The author in the field with the AF-S NIKKOR 180-400mm f/4E TC1.4 FL ED VR.


Field test – Nikon D850 (gone wrong…)

First of all I want to give a shout out to the best photography store in the world. The service found at my local pro store Stavanger Foto cannot be matched by anyone, and the knowledgeable people working there will always make you feel like their most important client. Check out www.stavangerfoto.no and give them a try, they deserve it!


Nikon D850, 24-70mm/2,8, 1/400 sec, f/5,6 at ISO1250 (converted to DNG from NEF and lightly edited in Lightroom)

OK, so now on to my Nikon D850 field test. I was very excited when I first read about the new Nikon D850 and I knew that this camera would be exactly what I had been waiting for. The larger file size is welcomed from a fine art perspective and in combination with a highly improved focus system, fast processors and better ISO capabilities I could easily see myself using this camera also for wildlife. Unfortunately Nikon have not been able to ship as many cameras as expected in the first batch and I was not able to get my hands on one before departing on a WildPhoto Travel photo tour to Alaska. That is when my local pro store, Stavanger Foto, stepped up and asked me if I would like to take their one and only demo camera with me to test in the field. Obviously they didn’t have to ask twice and arrangements where made so they would have it back in Norway as soon as I returned from Alaska, as I was travelling on to another assignment in Mexico and they needed the camera in store.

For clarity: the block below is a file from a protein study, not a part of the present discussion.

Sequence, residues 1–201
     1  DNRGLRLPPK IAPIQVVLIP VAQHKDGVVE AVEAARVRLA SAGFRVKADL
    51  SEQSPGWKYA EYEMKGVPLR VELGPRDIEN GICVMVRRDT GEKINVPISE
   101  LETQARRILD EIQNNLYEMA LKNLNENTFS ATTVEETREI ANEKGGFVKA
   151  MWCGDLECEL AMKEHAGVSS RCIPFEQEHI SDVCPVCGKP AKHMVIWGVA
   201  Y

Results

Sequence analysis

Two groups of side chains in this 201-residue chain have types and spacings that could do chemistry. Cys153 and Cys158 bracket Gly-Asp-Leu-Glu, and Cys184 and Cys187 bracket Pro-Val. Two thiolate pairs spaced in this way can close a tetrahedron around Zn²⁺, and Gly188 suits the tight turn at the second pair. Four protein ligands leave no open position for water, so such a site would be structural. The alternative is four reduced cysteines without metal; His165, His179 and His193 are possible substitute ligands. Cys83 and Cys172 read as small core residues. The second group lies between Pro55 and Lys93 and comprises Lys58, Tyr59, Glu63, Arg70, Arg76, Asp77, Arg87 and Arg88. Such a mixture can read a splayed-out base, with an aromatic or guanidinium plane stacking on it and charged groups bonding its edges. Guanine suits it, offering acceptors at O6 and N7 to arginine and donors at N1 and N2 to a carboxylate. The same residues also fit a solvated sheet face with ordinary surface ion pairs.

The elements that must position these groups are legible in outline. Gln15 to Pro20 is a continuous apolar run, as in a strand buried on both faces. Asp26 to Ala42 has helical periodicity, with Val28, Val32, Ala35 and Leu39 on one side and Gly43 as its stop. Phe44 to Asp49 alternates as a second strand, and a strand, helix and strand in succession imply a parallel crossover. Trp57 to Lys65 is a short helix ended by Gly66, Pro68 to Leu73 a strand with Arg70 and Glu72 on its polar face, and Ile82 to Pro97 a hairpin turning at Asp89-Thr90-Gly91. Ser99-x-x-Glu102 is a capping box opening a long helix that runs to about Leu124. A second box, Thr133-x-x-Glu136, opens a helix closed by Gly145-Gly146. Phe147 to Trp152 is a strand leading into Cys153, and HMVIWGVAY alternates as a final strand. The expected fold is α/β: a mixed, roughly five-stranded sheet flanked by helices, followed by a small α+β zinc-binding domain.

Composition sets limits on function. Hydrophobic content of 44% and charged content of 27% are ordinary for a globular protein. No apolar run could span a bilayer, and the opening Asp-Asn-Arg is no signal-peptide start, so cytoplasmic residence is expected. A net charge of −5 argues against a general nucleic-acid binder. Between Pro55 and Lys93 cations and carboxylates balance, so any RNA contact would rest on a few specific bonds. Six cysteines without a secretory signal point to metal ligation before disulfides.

The Alaskan wild is a rewarding place for a wildlife photographer, but it is an unforgiving environment for fine technology, so this would be a perfect place to test the new camera. Like I have mentioned in previous field tests I prefer to try my cameras and lenses in the environment where I actually do most of my work rather then testing it in a lab or on a random location. For this field test I stayed 7 nights in a tented camp with only a portable solar panel for charging. For the first three solid days it was raining constantly before the weather cleared on the forth day. During those rainy days I used the Nikon D850 mainly as my short lens alternative, shooting with a 24-70mm/2,8E ED VR.